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Graphene Generates A Little Power

We never know exactly what to make of university press releases, as we see plenty of them with breathless claims of new batteries or supermaterials, but then we don’t see much else. Sometimes, the claims in the press release don’t hold up in the paper, while other times the claims seem to be impractical for use in real life. We aren’t quite sure what to make of a press release from the University of Arkansas claiming they can draw current from a sheet of freestanding graphene purely from its temperature fluctuations.

The press release seems to claim that this is a breakthrough leading to “clean, limitless power.” But if you look at the actual paper, normal room temperature is causing tiny displacements in the graphene sheet as in Brownian motion. A scanning tunneling microscope with two diodes can detect current flowing even once the system reaches thermal equilibrium. Keep in mind, though, that this in the presence of a bias voltage and we are talking about nanometer-scale displacements and 20 pA of current. You can see a simple video from the university showing a block diagram of the setup.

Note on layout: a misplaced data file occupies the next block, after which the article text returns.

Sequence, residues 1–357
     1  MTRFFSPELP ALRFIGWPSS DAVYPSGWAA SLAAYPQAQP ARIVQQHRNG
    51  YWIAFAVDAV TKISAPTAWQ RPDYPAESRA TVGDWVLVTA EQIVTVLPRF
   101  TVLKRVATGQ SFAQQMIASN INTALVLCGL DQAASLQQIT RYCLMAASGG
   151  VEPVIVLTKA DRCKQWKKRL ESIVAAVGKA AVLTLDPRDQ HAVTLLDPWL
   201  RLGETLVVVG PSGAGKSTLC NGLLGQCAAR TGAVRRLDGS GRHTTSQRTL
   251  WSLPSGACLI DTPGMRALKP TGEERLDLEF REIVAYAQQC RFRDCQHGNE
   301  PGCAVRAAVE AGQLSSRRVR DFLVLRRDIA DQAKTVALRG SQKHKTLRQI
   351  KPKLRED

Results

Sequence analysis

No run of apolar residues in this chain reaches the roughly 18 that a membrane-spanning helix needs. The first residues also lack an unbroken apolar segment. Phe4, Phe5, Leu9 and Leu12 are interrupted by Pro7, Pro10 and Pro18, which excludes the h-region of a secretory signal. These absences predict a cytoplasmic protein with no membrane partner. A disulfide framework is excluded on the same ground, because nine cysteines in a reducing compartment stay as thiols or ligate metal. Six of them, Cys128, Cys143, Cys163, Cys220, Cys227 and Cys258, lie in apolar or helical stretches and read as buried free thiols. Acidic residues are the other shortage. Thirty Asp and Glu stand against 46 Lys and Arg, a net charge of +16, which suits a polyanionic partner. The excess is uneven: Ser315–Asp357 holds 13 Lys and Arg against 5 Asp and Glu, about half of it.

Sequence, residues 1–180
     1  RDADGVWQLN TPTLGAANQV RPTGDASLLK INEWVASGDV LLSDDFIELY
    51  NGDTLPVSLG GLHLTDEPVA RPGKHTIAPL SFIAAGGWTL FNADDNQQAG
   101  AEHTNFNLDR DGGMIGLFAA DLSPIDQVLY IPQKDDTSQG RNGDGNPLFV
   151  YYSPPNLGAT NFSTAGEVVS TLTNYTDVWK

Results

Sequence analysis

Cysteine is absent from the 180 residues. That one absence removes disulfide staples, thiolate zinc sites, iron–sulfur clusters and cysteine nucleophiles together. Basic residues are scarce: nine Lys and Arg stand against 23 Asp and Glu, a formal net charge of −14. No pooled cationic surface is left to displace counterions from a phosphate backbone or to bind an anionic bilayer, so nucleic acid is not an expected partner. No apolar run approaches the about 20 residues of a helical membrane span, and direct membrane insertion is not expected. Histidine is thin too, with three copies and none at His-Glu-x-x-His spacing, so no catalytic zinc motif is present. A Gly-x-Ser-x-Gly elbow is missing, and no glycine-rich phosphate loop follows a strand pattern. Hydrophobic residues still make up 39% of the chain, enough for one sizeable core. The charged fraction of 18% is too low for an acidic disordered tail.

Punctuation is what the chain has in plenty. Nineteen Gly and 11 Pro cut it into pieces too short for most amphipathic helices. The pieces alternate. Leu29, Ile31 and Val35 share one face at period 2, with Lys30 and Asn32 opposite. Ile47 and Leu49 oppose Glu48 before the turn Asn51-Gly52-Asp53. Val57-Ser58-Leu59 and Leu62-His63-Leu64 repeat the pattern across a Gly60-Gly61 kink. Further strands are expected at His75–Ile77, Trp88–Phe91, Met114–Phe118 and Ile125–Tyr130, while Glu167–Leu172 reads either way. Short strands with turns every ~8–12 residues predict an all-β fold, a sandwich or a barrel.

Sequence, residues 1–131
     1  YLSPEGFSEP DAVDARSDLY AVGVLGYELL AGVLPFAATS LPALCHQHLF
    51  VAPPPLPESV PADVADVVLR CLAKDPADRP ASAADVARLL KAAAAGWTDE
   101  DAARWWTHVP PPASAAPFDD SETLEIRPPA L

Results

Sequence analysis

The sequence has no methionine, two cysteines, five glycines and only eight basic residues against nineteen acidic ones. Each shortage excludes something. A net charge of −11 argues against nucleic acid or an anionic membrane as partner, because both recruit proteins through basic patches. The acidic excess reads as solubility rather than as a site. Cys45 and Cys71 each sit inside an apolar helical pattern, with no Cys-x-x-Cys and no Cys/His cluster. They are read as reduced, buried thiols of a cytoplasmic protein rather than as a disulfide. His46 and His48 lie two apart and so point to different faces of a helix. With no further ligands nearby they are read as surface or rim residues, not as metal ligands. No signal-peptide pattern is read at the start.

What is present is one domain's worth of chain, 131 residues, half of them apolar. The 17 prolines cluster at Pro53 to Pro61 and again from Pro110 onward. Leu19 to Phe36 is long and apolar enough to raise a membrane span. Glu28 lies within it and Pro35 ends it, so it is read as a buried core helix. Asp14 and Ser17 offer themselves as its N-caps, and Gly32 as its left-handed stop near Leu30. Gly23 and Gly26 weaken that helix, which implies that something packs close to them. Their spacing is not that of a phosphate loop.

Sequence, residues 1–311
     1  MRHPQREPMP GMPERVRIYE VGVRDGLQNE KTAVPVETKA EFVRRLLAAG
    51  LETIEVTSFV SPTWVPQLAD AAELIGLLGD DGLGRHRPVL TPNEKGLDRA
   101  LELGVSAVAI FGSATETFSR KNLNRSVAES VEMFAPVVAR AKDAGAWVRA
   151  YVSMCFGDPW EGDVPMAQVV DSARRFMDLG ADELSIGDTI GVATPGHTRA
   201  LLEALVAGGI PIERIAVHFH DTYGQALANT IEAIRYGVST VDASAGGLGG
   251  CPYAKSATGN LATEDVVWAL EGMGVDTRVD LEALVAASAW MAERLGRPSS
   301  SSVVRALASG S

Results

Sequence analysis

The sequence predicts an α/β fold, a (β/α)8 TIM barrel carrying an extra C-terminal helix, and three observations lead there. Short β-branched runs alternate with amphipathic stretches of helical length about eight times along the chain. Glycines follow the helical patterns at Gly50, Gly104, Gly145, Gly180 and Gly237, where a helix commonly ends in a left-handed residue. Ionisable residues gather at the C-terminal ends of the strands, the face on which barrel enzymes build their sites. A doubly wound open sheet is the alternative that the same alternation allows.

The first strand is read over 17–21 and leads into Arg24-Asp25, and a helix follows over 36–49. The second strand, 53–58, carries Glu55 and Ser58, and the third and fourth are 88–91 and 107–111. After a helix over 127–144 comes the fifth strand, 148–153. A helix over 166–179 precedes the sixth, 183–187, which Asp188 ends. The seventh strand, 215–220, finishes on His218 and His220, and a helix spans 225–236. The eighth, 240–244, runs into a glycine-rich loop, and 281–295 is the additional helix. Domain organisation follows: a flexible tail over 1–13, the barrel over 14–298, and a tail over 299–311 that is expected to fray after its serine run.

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Adding Luxury Charging Features To An Entry-Level EV

The Nissan Leaf is the best-selling electric car of all time so far, thanks largely to it being one of the first mass produced all-electric EVs. While getting into the market early was great for Nissan, they haven’t made a lot of upgrades that other EV manufacturers have made and are starting to lose customers as a result. One of those upgrades is charge limiting, which allows different charging rates to be set from within the car. With some CAN bus tinkering, though, this feature can be added to the Leaf.